Redesigning brain circuit

Rüdiger Klein receives an ERC Advanced Grant to analyze the development of amygdala circuits

March 31, 2020

The amygdala is important for the emotional evaluation of situations or objects. Aided by the amygdala, we are able learn to treat something with affection or aversion. How the amygdala controls the various behavioral reactions and which other brain regions are involved, remains unclear. In order to fill this gap in our knowledge, Rüdiger Klein attempts to specifically reorganize the development of the amygdala circuits in mice, thereby transforming innate and learned emotional behavior. The European Research Council (ERC) is funding this innovative project with a 2.5 million Euro grant over the next five years.

Circuits in the amygdala determine whether a situation is rewarding (such as when receiving food, left panel) or scary (like great heights, right panel). By manipulating these circuits, Rüdiger Klein hopes to gain insights into their development and function.

Fear protects us from danger, but can also stand in our way when it becomes irrational. A good feeling from eating encourages us to choose suitable food, but can also contribute to eating disorders. No matter whether it is fear, pleasure or other emotions, neurons in the amygdala link our feelings with internal and external stimuli and thereby control our unconscious behavior.

The information leading to rewarding or defensive behaviors is routed over different circuits within the amygdala. However little is known of how these circuits develop. Rüdiger Klein, Director at the Max Planck Institute of Neurobiology, now intends to investigate the assembly of these amygdala circuits and how they are able to generate certain behaviors. For this project, Klein will use a unique combination of developmental biology methods and circuit analysis: "My team has great expertise in working with guidance molecules that direct neurons to their destination during brain development. That's where we start."

The amygdala consists of several intermingled but separate circuits that produce opposite behavioral responses. Klein and his team now want to switch the connections between the components of these circuits. As a result, a mouse might perceive innately aversive things, such as the smell of a fox, as a neutral or even attractive cue, or may turn away from the smell of cheese.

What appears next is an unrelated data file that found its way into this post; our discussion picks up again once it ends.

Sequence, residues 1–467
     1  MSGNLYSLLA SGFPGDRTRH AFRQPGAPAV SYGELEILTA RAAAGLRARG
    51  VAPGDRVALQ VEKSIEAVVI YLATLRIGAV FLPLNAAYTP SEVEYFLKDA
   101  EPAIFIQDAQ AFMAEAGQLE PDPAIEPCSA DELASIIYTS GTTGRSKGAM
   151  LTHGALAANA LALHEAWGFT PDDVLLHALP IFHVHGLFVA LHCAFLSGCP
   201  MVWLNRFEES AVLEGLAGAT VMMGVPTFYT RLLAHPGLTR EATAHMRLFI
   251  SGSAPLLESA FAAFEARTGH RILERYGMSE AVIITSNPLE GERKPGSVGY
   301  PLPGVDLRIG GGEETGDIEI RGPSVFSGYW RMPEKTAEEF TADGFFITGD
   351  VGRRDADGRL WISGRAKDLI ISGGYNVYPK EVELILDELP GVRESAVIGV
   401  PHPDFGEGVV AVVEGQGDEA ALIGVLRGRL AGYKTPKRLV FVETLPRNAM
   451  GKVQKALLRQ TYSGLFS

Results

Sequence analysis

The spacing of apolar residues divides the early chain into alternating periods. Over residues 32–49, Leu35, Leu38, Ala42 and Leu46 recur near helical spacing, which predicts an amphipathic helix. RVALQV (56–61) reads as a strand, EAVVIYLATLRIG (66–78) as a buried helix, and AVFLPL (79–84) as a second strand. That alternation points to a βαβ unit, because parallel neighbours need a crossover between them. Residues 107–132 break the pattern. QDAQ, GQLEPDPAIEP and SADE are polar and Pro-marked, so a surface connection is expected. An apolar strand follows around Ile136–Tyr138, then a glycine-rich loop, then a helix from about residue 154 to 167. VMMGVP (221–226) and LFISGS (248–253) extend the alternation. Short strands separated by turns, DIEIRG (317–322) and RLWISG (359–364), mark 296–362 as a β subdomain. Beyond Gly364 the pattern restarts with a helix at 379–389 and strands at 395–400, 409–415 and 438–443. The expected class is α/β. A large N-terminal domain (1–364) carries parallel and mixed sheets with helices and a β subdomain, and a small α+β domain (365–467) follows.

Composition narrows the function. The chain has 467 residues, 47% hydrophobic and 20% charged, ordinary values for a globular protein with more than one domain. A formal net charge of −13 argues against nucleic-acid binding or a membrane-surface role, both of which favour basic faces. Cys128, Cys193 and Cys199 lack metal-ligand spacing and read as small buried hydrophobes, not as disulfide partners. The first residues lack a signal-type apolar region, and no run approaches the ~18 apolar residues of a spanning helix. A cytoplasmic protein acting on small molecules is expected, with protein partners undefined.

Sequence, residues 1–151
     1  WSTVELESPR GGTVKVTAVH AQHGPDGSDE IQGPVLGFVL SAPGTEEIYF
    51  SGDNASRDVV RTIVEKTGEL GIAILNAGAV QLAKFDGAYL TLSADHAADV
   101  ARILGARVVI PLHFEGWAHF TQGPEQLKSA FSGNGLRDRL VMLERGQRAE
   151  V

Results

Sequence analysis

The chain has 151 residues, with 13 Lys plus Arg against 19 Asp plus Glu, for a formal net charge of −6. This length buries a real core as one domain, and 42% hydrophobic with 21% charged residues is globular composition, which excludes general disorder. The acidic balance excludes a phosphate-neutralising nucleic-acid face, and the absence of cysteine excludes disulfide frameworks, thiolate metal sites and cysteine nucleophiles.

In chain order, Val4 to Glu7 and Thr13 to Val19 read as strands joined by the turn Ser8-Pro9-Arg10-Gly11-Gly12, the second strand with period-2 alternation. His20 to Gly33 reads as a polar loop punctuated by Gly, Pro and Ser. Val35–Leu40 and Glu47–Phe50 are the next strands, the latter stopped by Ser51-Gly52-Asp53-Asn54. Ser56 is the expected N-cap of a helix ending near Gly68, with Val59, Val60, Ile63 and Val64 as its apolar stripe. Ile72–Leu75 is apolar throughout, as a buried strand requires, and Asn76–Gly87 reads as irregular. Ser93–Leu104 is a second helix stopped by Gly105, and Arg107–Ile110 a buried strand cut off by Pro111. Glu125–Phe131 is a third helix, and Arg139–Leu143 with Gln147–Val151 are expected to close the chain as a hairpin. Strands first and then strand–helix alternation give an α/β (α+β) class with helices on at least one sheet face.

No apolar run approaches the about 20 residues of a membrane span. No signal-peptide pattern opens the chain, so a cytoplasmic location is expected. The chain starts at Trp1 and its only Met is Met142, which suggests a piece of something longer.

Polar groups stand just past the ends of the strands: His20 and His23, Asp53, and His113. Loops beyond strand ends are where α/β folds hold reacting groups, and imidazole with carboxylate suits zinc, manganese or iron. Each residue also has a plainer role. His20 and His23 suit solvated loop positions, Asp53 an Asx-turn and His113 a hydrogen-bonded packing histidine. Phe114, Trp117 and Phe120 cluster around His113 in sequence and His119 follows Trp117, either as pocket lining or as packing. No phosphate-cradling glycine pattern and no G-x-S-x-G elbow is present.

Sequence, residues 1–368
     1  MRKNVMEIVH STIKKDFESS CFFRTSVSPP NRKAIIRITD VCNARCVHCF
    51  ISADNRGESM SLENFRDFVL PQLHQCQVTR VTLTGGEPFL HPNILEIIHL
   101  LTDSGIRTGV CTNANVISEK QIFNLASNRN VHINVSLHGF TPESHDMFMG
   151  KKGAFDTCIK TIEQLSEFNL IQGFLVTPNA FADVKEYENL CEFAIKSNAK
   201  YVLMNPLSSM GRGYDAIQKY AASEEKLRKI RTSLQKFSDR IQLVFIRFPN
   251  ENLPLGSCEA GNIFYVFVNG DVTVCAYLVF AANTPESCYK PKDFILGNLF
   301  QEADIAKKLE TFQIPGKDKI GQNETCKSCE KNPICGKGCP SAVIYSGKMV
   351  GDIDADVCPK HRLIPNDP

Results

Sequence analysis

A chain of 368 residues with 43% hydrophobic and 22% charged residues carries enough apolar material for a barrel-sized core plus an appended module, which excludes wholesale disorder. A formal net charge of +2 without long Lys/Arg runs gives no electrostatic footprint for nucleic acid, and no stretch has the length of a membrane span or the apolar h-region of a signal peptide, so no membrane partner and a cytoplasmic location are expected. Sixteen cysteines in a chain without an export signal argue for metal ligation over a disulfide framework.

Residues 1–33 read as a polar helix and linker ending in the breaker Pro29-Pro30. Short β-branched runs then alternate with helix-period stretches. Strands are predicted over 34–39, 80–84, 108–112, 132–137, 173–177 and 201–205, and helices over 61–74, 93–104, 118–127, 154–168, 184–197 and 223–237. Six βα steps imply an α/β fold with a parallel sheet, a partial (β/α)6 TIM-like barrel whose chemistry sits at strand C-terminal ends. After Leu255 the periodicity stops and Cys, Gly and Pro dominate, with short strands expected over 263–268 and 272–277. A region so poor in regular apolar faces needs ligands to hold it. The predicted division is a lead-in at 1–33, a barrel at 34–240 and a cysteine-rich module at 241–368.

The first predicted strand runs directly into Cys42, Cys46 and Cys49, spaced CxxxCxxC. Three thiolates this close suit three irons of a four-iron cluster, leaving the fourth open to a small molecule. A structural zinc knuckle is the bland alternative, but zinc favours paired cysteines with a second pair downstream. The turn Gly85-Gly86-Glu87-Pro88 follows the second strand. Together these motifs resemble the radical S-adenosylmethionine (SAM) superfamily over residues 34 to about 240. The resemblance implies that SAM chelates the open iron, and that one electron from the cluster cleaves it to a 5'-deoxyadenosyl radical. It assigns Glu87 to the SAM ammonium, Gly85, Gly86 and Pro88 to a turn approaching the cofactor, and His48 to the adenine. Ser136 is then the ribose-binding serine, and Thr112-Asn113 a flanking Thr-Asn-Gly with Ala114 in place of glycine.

Rüdiger Klein aims to redirect neuronal connections during amygdala development with the guidance molecules already studied in his department. The results will reveal the molecules influencing the structure of the amygdala circuits. "In addition, the behavioral changes we expect to observe will allow us to verify the actual functions of these circuits," said Klein.

The structure of the amygdala is very similar between mice and humans. The results of this study in mice can therefore also provide direct information about the human amygdala and its processing of emotions and motivation – and possible malfunctions.

The European Research Council (ERC)

With its Advanced Grants, the European Research Council supports outstanding scientists with at least ten years of excellent research experience. Receiving an ERC Advanced Grant is a great distinction, with only 9.8 percent of the 1881 applicants being awarded this year. Overall, 450 million Euro will go out to 185 successful applications come from 20 nations. In addition to Rüdiger Klein's project, 34 other distinguished proposals came from Germany.

The ERC president, Mauro Ferrari, commented on this year’s Advanced Grants: “I am glad to announce a new round of ERC grants that will back cutting-edge, exploratory research, set to help Europe and the world to be better equipped for what the future may hold. That’s the role of blue sky research. These senior research stars will cut new ground in a broad range of fields, including the area of health. I wish them all the best in this endeavour and, at this time of crisis, let me pay tribute to the heroic and invaluable work of the scientific community as a whole.”

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